The grace notes in Bars 9 and 27 look like appoggiaturas but are almost always played in this piece as acciaccaturas!
They just need to be slipped in unobtrusively to coincide with the LH Beat 1 note, yet played with a short time value compared with the quavers that follow.
If you avoid making a big issue of this but make it a fun aspect of the piece, the student will not find it difficult.
Pedalling is not needed here.
A starting point could be to decide on a character for this piece. Try playing it fast then slow, with huge dynamic contrasts and then with no detail at all. Ask your student to decide what sort of character the six year old Mozart might have intended and work out together how to achieve it by choosing the right pace and deciding to include the detail.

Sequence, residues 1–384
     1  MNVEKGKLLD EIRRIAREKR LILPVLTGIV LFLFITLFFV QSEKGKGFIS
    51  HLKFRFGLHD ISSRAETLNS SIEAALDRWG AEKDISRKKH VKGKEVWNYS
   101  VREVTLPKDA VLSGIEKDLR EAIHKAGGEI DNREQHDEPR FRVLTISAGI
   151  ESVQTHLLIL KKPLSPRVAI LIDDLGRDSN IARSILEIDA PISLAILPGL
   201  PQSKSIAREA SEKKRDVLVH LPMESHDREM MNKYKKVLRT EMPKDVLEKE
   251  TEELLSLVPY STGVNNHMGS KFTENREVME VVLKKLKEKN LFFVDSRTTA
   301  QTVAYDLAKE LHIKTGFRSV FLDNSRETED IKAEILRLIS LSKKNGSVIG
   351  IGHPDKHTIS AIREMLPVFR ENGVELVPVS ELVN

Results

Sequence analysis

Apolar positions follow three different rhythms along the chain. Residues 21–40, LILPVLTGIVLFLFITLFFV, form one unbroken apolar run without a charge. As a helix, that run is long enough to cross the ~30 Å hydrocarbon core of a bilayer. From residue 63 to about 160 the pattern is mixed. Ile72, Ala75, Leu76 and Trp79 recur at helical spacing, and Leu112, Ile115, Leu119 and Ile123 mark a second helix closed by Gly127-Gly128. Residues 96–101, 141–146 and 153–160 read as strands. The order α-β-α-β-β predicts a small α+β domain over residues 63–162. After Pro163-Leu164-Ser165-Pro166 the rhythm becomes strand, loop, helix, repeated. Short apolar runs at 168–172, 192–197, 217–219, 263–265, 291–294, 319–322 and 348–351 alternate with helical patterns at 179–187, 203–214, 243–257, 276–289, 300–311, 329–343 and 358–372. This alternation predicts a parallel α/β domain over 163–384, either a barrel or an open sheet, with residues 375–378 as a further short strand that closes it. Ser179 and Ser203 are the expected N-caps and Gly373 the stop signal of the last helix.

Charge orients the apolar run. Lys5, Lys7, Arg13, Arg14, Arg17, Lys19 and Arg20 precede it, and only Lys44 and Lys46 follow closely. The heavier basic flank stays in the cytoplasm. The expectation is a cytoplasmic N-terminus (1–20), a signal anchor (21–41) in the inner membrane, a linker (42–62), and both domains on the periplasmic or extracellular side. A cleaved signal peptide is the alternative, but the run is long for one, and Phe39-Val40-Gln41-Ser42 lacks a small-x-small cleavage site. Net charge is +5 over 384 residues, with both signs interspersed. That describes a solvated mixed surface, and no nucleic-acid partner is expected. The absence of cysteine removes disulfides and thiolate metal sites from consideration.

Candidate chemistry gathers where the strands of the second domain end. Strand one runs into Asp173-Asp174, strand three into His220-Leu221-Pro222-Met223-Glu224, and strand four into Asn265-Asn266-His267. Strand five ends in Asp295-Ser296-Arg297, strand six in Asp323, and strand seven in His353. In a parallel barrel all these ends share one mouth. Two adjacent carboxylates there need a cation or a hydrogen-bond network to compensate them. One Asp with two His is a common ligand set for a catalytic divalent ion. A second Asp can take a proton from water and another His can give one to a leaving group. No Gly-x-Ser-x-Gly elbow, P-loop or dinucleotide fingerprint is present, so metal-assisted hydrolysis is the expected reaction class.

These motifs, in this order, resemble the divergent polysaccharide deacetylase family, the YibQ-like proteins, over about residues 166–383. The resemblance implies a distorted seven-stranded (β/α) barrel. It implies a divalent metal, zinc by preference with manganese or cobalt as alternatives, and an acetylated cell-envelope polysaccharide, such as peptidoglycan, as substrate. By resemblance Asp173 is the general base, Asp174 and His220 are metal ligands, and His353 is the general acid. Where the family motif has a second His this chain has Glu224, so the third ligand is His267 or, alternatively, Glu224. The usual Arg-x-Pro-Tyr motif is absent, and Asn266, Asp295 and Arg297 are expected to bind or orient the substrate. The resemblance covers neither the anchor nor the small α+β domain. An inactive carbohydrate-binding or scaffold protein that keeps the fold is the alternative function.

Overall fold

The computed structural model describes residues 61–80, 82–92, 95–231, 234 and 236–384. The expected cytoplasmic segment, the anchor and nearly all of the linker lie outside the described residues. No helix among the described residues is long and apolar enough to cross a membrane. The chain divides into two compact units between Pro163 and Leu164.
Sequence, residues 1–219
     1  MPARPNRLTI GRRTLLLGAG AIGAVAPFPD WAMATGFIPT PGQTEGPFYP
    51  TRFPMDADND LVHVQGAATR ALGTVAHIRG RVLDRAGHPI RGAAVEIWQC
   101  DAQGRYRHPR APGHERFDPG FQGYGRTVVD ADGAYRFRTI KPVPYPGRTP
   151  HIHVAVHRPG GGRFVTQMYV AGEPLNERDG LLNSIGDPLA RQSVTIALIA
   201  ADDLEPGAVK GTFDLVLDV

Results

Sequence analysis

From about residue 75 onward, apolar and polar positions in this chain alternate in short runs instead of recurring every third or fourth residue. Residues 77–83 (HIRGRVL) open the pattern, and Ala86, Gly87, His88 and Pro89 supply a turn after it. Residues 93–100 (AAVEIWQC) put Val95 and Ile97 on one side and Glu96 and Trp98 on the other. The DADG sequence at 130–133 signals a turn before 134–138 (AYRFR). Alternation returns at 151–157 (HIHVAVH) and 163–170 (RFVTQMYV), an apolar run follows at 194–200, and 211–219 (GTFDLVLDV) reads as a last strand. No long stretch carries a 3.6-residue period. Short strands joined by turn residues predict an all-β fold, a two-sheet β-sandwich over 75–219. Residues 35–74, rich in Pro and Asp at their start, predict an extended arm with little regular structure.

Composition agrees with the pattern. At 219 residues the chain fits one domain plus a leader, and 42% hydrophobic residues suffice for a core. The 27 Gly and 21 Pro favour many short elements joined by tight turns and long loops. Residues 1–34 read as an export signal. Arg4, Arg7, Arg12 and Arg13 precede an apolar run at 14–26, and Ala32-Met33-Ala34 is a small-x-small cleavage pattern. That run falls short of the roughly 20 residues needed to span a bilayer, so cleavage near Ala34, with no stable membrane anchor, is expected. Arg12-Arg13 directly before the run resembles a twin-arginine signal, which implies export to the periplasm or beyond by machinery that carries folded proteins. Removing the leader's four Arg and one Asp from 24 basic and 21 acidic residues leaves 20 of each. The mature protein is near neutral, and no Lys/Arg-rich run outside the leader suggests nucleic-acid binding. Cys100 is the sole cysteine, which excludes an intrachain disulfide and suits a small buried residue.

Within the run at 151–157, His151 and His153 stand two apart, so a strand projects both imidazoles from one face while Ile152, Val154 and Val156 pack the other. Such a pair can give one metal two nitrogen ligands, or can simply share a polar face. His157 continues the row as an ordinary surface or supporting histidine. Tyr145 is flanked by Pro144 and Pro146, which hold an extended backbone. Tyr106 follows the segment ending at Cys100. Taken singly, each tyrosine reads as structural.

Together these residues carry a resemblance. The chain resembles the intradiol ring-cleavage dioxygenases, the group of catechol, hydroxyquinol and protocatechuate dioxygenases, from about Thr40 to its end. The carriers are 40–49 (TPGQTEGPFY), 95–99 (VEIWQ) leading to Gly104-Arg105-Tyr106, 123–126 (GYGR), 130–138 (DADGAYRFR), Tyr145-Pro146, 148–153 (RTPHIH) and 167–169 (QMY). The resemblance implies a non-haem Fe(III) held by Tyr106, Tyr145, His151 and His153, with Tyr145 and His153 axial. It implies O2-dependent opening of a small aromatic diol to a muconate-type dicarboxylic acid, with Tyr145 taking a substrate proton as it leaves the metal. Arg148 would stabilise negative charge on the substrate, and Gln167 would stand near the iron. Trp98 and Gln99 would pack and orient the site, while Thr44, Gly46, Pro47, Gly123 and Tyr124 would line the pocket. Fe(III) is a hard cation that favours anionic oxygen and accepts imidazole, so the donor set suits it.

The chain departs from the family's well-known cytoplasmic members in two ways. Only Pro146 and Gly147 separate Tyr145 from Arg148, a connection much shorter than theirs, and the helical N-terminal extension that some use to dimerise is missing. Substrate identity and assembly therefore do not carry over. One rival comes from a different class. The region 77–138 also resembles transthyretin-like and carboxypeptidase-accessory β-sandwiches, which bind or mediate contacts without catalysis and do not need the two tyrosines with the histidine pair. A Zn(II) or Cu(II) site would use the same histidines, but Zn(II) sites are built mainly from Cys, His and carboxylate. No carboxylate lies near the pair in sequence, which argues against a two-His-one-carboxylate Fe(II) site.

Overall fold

If you have not tried involving your students in these decisions before, you will be surprised at their perceptiveness! Students need to understand the point of dynamics and articulation detail to manage them convincingly.
Lang Lang played this kind of music so well as a child by imagining the cartoon characters, Tom and Jerry chasing about as he played. You could wish for no better role model so have fun inventing a story line for this piece! The little echoes in Bars 5 - 6 and similar give rich opportunities for this kind of play.
Practice needs to reflect the previous lesson so the teacher should be very clear about what is required.
The first two weeks could concentrate on practising:
slurring thirds using the right technique
the relevant scales of B flat major, F major and C minor
learning the first section with separate hands
securing the right articulation and fingering.
For many students the target in the first week's practice could well be learning just the first 6 bars rather than the whole of the first section since there is much detail in Bars 7 - 12.